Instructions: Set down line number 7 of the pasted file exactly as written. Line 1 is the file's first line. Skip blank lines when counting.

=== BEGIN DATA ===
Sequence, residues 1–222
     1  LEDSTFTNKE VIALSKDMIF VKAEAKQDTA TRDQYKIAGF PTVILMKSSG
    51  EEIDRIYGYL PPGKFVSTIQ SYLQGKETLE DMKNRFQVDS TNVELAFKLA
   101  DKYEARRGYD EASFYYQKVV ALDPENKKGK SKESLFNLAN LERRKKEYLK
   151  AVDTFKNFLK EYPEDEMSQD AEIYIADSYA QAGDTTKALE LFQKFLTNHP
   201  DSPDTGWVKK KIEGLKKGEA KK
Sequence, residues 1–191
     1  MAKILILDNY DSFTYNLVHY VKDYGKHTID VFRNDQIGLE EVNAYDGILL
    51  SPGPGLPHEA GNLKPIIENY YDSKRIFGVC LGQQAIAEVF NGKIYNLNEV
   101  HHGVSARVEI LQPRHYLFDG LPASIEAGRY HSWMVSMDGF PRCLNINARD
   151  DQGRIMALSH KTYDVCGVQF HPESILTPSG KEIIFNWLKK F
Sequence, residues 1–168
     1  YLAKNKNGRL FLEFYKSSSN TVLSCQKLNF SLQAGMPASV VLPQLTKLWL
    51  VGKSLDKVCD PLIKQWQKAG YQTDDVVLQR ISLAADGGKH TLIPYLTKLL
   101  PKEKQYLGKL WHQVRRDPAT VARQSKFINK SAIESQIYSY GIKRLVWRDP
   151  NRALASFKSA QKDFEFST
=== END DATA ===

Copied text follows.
Sequence, residues 1–191